Me in my rain boots, which I've used three times.
(Editor's note: "maximum ugliocity? try cutesiosity)
Happy happy birthday ALI DEAR! Sorry I didn't mention it in the last email so the shout out is a day late. But I'm happy to hear that the package got there safe and in time. Did the jicaro cup break or did it get there in one piece? And you can just stash my journal and agendas somewhere where I'll be able to find them in 10 months. Of course you can use whatever part of whichever letter you want to use. If they can be of use to uplift another, please use them.

We had another "preparation day" where we just wore ourselves out and didn't prepare a thing. Haha. It was another "Super P-day" where the whole mission got together and went to the Masaya Volcano. I actually had already seen it (in December with Hna. Bustillos) but this time we didn't get to go into the cave. But it was really fun to be together will all the missionaries and see friends. We were all together last monday as well, looking at pictures of all the weddings from the activity on May 28, playing soccer, and eating pizza. I think Pres. Fraatz is just super happy to be finishing a successful mission and wants to celebrate a bit. But travelling was definitely less than comfortable. We had to leave Jinotega on the 4am bus to Managua to meet with the rest of the zone and get to Masaya in time. And to my utter dejection, the bus was standing room only when it pulled up so we were sardined in there and rode on our feet for three hours this morning. Needless to say, I'm little tired in body and mind.
The Masaya Volcano
A bug that Elder Speer found and decided needed to be in my picture. Thanks Elder Speer. :)
The Hermanas at the volcano
(Our favorite Hermana)
This week Omar Castillo was baptized. His wife Idaida felt unprepared and wanted to see a baptism first and there was nothing I could say to reassure her and convince her to get baptized this week with her husband. So we're going to work with her a lot this week and she'll get baptized this coming Saturday. Omar's baptism went really smoothly as far as baptisms in Nicaragua go. We had to make a few last minute calls to get enough priesthood holders there to be witnesses and there was a bit of a clothing crisis, but nothing we couldn't handle. The biggest lessons I'm learning this week have to do with patience and my companion, but I'm not going to say more on that subject. Just that I really am learning no to let outside circumstances affect my attitude. I've been happy despite a lot of interesting stuff this week.
Omar's baptism
Hna. Hernandez and I on a street in Jinotega next to a little fruit market
I'm excited for Dad to get all plugged in and started with his new ward. When is the first Sunday? Soon right? I'll think of good ward prayer ideas and hopefully have time to write more next week. Also, I think the mission is already essentially split and unless something drastic happens, I'll be staying in mission north. Our new president is named Pres. Arredondo from Guatemala. We'll meet him soon I think. The change conference is the 16th, and we have a sending-off surprize conference for Pres. Fraatz on the 22 and Elder Sanders (AP) asked me to sing a duet with Hna. Lee. We're going to sing For Good from Wicked and I think it will be really nice. So things will be changing, I don't know how much, but we'll find out. Elder Gomez, one of our zone leaders who is actually from Nicaragua, but has lived in the US a lot too and speaks perfect English, in fact we call him a fake Latino, pointed out the supposed plot for the temple as we were driving through Managua today but I don't know if he actually knows. They haven't said anything more than they are looking for terreno, so nothing new to report there.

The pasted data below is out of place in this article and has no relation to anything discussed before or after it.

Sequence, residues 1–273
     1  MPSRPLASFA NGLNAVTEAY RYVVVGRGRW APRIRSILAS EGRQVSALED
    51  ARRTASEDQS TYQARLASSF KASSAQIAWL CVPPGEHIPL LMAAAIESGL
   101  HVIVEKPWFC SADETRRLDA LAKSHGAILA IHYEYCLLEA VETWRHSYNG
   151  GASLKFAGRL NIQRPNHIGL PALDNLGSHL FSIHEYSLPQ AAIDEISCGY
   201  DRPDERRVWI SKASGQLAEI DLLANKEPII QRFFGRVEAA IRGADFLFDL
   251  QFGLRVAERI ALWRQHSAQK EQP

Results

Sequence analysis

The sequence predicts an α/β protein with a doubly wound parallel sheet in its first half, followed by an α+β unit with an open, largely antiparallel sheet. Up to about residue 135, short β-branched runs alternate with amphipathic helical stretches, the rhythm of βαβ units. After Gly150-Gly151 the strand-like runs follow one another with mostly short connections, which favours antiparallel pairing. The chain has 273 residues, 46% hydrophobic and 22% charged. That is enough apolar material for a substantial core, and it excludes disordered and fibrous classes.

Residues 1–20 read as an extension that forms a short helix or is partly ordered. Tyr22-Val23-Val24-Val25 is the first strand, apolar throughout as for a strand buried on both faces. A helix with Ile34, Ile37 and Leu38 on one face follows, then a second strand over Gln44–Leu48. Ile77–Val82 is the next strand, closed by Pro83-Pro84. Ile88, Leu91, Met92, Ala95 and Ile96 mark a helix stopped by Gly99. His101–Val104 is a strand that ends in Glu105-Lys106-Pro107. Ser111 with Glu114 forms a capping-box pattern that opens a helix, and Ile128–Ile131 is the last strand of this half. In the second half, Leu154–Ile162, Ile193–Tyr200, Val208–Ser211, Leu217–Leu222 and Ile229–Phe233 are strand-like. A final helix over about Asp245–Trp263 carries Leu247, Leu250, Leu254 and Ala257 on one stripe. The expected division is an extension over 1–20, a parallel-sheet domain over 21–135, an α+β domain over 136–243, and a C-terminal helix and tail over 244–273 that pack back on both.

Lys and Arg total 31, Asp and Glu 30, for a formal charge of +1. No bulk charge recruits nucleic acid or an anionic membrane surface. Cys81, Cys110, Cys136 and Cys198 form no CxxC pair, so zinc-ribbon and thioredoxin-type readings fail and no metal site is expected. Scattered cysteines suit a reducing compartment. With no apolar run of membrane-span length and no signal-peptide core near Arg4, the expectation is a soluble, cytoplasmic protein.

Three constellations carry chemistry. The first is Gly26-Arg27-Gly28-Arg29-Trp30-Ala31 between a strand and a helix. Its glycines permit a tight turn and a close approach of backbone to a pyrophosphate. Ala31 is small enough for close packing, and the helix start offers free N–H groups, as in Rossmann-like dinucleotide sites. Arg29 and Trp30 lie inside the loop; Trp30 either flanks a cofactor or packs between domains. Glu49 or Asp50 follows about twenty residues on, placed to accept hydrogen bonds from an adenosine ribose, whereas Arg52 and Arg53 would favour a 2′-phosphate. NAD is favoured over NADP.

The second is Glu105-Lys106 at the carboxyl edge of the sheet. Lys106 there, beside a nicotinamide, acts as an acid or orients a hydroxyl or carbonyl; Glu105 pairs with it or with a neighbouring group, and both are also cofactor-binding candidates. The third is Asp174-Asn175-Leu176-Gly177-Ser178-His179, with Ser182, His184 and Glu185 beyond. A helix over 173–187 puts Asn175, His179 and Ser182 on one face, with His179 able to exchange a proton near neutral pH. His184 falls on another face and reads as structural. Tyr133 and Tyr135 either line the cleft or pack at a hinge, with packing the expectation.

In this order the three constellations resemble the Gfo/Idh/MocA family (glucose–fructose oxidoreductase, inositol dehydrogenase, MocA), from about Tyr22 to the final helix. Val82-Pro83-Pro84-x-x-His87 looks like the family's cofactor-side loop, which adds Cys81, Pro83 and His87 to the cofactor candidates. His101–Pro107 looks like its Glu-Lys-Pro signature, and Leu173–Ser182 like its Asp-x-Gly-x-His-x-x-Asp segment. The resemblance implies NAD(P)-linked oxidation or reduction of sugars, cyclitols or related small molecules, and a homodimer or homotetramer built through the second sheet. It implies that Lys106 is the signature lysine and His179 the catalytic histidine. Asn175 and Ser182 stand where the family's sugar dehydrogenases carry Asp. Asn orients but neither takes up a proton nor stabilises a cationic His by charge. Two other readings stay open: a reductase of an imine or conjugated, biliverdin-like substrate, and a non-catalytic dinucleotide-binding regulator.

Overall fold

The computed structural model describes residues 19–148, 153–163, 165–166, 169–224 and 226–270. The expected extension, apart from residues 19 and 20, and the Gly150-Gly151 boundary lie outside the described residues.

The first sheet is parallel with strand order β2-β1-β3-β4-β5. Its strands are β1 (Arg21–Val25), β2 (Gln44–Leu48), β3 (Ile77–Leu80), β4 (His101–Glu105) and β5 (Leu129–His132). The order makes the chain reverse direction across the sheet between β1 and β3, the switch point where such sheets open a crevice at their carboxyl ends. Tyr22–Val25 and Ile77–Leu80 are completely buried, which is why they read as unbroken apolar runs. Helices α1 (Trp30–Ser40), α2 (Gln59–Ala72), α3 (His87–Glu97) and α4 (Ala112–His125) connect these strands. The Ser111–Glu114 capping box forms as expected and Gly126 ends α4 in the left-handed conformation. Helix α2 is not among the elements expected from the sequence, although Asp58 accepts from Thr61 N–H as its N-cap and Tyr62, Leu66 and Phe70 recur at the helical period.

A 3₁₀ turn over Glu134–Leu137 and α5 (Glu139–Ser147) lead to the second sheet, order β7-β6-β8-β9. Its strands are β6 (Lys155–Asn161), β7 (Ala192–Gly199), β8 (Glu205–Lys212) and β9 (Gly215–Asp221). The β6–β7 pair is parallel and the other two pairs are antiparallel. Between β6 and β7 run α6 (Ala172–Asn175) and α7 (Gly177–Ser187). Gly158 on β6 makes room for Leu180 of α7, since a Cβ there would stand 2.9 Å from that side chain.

Well there is actually not a whole lot to tell this week. I love you all mucho mucho mucho.

Being a missionary is the best thing in the world - even if you're an ugly one. :)

Love, Hna. Crosland

Me and Becky, the cutest thing in Jinotega

Thursday, June 3, 2010

Letter #37 - June 2, 2010

Sorry for the really late email. And thanks for the funny picture, I am feeling much better. Just a little bug. To be honest, I've only had diarrhea once on my mission... it's just lasted for 8 months now. Haha.

So we had some exciting news this week. President Fraatz let us know that in the month of May, as a mission we baptized and confirmed 621 people in Nicaragua and that number included 105 families. That is seriously incredible. We have a huge focus on families as a mission because that is the best way to build the church and retain converts. It is harder to baptize a mom and a dad than a single person and much harder than baptizing kids, which has been done in a lot of missions in central and south america in the past. But it is super hard to retain kids without their parents and children are not filling the leadership positions necesarry to build up the church in these countries. And a family with father and mother can support each other and are more likely to stay strong in the church. So that is our huge focus and baptizing 105 families in one month is almost unheard of. But the news was bitter sweet for me because for the first time since I got to Nicaragua, I went the entire month without a baptism. But, we did have a miracle at the end of last week and we have a family to baptize on Saturday. So here's the miracle marriage story: